He has deployed to Afghanistan three times, including two deployments with Military Police and one as an EOD team leader. He also deployed with the 759th EOD Company to Syria.

From range clearance operations at the National Training Center on Fort Irwin, California, to defeating improvised explosive devices in a combat zone, Diaz has honed his lifesaving and mission-enabling skills. In one of many unique missions in Afghanistan, as an EOD team leader with the 47th EOD Company, Diaz conducted post-blast analysis on 15 trucks that had been destroyed by insurgents with improvised explosive devices.

While serving in the 759th EOD Company, Diaz was also a member of the winning Bomb Squad team in the U.S. Department of Homeland Security-hosted competition called Urban Shield that brought together California SWAT teams, Fire and Rescue Teams, Emergency Medical Services and Bomb Techs.

He said it takes perseverance to succeed as an Army EOD technician.

“The more resilient that you can be, the better an EOD tech you can be,” said Diaz.

Earlier this year, Diaz demonstrated this kind of resilience when he tore his patellar tendon. After having surgery in February, Diaz was told it would take six to eight months before he could run or jump again.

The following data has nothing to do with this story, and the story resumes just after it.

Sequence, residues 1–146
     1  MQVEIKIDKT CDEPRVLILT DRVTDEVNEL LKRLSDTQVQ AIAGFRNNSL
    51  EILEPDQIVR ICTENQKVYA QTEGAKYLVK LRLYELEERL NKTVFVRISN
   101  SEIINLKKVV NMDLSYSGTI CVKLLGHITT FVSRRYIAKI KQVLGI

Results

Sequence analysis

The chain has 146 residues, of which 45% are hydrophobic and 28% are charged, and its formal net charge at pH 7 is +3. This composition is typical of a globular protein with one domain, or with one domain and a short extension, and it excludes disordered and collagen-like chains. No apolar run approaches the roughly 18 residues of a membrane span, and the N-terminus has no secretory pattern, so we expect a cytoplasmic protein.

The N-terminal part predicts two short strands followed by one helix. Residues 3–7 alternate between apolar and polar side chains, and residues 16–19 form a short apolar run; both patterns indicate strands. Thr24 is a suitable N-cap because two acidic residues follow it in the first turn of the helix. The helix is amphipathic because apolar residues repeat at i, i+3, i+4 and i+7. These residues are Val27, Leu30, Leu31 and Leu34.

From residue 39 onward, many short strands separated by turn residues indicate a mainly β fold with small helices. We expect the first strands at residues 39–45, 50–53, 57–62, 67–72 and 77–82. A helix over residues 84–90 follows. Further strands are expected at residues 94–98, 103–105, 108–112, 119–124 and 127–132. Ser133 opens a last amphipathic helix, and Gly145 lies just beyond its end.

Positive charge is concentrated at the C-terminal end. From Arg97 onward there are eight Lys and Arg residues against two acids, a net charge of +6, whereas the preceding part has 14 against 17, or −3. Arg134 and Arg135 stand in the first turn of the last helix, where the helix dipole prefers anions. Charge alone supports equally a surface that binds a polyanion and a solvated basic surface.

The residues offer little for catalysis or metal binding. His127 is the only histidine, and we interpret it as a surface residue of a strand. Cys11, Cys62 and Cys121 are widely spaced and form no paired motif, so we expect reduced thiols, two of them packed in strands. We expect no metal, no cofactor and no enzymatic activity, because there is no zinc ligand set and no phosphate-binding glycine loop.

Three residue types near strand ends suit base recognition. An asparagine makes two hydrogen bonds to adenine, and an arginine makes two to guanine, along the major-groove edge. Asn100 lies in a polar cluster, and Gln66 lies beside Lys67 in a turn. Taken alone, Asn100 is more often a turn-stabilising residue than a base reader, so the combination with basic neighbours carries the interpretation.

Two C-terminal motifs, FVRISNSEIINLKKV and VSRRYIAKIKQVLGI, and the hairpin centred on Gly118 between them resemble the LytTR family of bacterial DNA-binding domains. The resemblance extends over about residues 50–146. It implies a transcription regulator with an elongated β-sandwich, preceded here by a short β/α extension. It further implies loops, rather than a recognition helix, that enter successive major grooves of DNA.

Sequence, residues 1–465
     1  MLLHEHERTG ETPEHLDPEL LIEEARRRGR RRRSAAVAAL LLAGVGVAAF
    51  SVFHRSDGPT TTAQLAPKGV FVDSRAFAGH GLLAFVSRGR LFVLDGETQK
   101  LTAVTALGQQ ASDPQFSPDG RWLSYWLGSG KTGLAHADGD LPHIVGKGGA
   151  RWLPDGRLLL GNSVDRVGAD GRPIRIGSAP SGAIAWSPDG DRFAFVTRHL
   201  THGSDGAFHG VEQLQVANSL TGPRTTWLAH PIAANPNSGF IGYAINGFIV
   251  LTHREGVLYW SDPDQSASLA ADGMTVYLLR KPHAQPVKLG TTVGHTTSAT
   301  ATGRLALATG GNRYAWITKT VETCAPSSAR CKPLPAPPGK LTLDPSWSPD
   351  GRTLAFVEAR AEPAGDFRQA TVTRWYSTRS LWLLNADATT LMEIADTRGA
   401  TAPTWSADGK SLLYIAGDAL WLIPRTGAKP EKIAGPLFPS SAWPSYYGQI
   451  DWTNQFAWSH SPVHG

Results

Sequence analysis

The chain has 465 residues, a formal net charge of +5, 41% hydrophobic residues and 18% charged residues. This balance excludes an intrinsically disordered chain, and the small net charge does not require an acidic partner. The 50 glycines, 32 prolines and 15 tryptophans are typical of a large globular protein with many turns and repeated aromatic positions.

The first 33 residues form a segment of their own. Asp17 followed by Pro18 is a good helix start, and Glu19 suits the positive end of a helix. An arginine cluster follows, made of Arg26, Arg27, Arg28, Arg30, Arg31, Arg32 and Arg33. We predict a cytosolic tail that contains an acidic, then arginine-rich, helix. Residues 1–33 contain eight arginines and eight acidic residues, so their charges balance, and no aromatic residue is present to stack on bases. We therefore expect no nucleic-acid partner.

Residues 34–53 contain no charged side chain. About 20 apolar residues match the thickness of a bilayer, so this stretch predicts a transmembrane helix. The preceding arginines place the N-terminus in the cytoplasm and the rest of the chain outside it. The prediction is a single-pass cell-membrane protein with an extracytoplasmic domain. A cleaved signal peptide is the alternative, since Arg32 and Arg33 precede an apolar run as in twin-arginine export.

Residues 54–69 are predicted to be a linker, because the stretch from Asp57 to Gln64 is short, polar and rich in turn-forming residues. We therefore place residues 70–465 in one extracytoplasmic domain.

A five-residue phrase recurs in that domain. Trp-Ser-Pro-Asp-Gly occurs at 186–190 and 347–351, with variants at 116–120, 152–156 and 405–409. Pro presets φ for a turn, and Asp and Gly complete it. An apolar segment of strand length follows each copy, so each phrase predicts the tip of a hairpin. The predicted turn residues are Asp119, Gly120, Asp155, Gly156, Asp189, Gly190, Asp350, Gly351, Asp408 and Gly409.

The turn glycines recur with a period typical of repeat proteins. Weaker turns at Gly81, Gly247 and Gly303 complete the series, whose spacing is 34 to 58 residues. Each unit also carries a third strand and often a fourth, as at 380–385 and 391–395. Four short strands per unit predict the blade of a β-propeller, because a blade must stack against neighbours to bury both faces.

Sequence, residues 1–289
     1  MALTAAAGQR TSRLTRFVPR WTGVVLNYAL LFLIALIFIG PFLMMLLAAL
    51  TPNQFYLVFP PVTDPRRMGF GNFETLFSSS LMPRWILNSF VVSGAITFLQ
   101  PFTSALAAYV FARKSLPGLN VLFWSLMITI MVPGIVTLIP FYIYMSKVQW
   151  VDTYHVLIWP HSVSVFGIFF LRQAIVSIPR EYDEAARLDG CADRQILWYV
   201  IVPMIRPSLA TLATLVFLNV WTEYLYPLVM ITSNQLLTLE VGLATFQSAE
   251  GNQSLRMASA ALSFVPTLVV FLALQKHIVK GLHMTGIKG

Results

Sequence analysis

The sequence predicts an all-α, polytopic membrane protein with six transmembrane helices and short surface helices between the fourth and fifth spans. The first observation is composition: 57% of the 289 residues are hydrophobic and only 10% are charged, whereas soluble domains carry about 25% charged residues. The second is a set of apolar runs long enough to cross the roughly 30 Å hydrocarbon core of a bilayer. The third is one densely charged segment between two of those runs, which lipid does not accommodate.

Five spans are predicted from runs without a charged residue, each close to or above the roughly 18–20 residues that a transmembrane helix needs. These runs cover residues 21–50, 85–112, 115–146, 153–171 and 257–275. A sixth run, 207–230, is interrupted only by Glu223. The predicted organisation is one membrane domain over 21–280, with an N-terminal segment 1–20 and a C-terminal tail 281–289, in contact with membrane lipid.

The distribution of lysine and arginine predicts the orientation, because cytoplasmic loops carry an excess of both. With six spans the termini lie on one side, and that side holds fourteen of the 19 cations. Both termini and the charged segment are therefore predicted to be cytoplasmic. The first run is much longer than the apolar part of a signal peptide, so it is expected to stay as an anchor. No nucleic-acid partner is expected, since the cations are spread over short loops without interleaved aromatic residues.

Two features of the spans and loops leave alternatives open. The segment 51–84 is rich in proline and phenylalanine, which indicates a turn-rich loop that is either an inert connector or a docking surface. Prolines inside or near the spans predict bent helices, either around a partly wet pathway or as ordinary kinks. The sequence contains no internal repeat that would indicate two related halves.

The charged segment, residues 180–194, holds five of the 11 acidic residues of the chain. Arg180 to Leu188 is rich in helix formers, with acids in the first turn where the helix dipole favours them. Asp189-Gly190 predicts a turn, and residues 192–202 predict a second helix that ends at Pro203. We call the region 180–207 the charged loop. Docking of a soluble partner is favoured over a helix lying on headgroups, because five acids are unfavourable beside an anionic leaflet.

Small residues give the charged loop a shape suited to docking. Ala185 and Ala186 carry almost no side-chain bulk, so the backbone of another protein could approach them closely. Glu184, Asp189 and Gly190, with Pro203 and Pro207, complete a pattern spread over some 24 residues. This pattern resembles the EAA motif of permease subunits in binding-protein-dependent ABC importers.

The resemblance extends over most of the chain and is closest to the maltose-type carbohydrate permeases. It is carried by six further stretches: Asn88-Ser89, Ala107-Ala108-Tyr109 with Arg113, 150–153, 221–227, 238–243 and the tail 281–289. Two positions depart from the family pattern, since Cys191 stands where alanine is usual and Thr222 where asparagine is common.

He started running again four months later and participated in a half marathon six months later. On Oct. 9, he jumped into the Army Ten Miler in Washington, D.C., and then ran the race. He said he intends to participate in the Miami Marathon and he is preparing for an ultramarathon in the future.

Diaz was picked for the Golden Knights during the 2020 assessment and selection. Any American Soldier can apply to serve in the Golden Knights if they have completed 75 free fall jumps, either in the military or as a civilian.